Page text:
Previous articles described the existing installation and operation of a fume flowmeter for an incinerator. The new installation was more complex and used fumes to replace up to 80 percent of the combustion air but could drop to near zero flow in approximately 5 seconds. The new fume flowmeter measurement was used in the combustion control strategy and also in the control strategy to ensure that the fume nozzles did not overheat.
Examination of the new thermal flowmeter revealed encrustation on the thermal sensor. Discussion with the manufacturer indicated that the encrustation was likely caused by small droplets in the fume that hit the heater and were subsequently evaporated by the heater, leaving behind a residue that caused the flowmeter to function improperly. Although the new insertion Pitot tube flowmeter functioned reliably for years, the plant would have preferred to have had the superior measurement available from the insertion thermal flowmeter.
Recent discussions with a thermal flowmeter manufacturer brought to light another potential cause of the encrustation. In humid flowing streams, the outside temperature is often lower than the gas temperature, so liquid tends to condense on the pipe wall. When the thermal probe is mounted on the top of the pipe, any condensate formed at the top of the pipe and its tap can travel down the probe to the sensor, where it can adversely affect the measurement.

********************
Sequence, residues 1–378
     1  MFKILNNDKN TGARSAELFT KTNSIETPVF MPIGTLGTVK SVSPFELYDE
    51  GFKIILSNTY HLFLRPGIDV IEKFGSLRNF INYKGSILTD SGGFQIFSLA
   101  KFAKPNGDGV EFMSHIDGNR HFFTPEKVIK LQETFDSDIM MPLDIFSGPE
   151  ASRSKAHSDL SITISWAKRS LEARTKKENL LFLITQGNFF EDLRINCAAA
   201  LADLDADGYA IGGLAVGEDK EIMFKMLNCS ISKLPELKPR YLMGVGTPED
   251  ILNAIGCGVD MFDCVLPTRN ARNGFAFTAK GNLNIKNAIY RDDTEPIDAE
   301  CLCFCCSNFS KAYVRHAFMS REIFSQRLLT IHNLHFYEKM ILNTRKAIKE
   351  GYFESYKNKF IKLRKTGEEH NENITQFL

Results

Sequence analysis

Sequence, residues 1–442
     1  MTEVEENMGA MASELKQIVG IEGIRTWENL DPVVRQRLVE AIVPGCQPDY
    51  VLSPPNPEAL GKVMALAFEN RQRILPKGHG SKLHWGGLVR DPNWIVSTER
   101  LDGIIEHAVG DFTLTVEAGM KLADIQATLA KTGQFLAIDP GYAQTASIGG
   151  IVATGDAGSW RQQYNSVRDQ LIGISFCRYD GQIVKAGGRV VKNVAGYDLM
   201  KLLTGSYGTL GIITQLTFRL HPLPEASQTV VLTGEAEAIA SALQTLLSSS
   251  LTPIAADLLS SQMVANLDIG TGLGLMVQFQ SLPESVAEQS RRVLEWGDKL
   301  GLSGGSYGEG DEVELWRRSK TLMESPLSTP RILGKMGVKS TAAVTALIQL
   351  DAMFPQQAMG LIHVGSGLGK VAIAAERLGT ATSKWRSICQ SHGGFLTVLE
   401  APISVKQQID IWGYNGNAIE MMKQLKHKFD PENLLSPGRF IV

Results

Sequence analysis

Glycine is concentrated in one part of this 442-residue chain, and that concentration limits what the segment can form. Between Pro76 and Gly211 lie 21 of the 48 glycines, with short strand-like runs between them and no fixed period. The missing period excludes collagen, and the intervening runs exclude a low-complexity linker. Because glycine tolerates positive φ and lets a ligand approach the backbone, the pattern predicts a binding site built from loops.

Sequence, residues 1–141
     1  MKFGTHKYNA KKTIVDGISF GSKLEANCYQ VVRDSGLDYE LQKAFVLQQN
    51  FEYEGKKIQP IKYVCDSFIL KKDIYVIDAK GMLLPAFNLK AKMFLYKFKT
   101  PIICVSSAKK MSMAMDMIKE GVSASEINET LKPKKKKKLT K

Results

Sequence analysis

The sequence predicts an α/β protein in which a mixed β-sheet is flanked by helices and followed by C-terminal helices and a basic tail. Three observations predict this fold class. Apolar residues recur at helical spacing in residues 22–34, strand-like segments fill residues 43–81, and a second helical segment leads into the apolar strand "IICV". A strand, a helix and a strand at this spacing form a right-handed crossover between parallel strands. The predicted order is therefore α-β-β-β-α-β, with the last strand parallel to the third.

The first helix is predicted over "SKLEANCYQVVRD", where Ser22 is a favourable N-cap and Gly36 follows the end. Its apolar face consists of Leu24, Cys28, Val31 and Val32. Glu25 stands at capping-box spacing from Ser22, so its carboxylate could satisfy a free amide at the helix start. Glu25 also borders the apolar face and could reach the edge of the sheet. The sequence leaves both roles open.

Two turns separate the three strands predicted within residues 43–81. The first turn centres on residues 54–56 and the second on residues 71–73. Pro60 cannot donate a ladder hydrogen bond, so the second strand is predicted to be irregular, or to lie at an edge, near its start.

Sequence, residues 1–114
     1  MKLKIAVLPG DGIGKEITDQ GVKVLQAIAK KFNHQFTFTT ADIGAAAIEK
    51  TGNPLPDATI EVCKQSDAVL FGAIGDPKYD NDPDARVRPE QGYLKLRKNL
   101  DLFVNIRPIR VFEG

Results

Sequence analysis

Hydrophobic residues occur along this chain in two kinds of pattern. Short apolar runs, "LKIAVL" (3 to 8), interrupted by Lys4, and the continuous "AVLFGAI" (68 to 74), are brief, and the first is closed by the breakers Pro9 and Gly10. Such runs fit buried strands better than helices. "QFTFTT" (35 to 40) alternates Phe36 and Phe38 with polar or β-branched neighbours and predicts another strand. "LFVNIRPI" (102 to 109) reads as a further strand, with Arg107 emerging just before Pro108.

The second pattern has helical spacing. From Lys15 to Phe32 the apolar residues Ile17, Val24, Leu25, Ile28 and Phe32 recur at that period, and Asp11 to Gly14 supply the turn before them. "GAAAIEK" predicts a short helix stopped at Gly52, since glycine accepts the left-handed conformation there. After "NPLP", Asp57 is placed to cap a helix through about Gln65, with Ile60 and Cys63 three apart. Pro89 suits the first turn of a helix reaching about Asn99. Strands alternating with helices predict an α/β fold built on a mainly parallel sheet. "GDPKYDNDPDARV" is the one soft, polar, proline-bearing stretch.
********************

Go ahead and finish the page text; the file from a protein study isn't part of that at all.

For humid gas service, thermal flowmeter manufacturers suggest that insertion thermal probes be oriented such that condensation on the pipe walls cannot travel down the probe to the sensor. This can be achieved by installing the probe pointing upward from the bottom of the pipe or upward at up to a 45-degree angle from the bottom of the pipe so condensation on the probe will flow away from the sensor.
After almost three decades, I now question whether this detail was the difference between success and failure.
David W. Spitzer is a regular contributor to Flow Control magazine and a principal in Spitzer and Boyes LLC, which offers engineering, seminars, strategic, marketing consulting, distribution consulting and expert witness services for manufacturing and automation companies. Spitzer and Boyes is also the publisher of the Industrial Automation INSIDER. He has more than 40 years of experience and has written more than 10 books and 350 articles about flow measurement, instrumentation and process control. Spitzer may be reached at 845-623-1830 or via spitzerandboyes.com. Click on the “Products” tab to find his Consumer Guides to various flow and level measurement technologies.